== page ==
Future Insurance Woes for Direct Farm Sales?

California Happy Cows at Organic Pastures Raw Milk Dairy

There has been a spate of illnesses and even deaths recently from the consumption of raw milk.  It is no surprise, then, that Food Safety News Reports that insurance carriers are dropping liability coverage for farms that sell raw milk.  Treating a single vulnerable patient, such as a child or an elderly consumer, for Listeria or E. coli can rack up $1 million in medical bills; a wrongful death lawsuit could cost even more.  Going uninsured could bankrupt a farm for even a single case, never mind a small cluster of cases.  Nor are these cases a result of poor farm practices; they happen at even the most careful and conscientious farms.

But one quote in the article really jumped out at me:

“Most of the entities we work with are larger commercial operations and are not engaged in the sale of raw milk,” explained Tami Griffin, deputy national director for Aon’s Food Systems, Agribusiness & Beverage Group.

“That said,” she told Food Safety News, “we do work with, and have relationships with, underwriters who are in the business of insuring farms, and I would say that they are increasingly concerned about what farmers are selling to consumers through farmers markets, farm stands, etc.”  [Emphasis mine.]

Any food item, from your backyard garden to apparently pristine produce in the largest grocery store, can be contaminated with something.  Much like the insurance companies who are dropping coverage for raw milk, savvy consumers practice risk management.  We wash produce (even that which says it is prewashed), and then we largely ignore the issue because the risks are fairly small for whole produce in this country.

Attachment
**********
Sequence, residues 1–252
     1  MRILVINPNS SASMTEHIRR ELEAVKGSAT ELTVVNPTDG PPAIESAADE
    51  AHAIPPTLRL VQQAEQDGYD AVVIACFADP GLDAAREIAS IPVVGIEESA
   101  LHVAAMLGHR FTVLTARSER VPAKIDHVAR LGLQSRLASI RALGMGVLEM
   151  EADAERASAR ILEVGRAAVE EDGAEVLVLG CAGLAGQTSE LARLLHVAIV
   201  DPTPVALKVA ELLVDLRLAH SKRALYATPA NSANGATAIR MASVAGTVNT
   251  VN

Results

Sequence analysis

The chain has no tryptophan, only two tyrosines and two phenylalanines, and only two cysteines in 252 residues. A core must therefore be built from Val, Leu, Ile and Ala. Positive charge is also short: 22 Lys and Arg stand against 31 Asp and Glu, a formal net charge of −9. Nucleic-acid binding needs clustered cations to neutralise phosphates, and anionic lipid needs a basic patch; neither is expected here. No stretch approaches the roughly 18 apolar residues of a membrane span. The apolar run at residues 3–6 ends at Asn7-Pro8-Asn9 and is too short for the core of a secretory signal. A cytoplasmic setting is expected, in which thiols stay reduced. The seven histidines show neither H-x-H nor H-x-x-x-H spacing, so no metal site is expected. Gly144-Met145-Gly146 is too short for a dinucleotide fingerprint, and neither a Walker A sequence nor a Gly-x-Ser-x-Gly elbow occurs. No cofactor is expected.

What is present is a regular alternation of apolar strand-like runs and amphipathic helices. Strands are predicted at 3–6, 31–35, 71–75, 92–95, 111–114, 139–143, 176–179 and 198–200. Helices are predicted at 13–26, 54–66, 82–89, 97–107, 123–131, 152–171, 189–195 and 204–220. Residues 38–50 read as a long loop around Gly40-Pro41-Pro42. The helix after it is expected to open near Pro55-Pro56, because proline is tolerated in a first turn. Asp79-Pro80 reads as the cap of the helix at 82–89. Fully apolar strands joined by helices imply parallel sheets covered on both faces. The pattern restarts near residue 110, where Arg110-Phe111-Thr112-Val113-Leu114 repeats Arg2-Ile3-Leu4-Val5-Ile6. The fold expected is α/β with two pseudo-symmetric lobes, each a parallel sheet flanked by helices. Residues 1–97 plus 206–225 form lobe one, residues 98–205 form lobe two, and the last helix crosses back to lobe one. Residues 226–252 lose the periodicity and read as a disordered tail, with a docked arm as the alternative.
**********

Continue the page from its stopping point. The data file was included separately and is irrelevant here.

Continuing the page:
Why, then, would farms who practice direct sales be called out for special attention?  Pessimistically, I can think of several reasons, none of which are worth sharing because I choose never to spread FUD.  But it may be a small piece in what is an increasingly hostile market environment for small producers, even as consumer demand for local produce and direct farm sales is going up.

In the meantime, if you are a purchaser of raw milk, you may find your supply drying up, or even find yourself signing a contract which waives liability.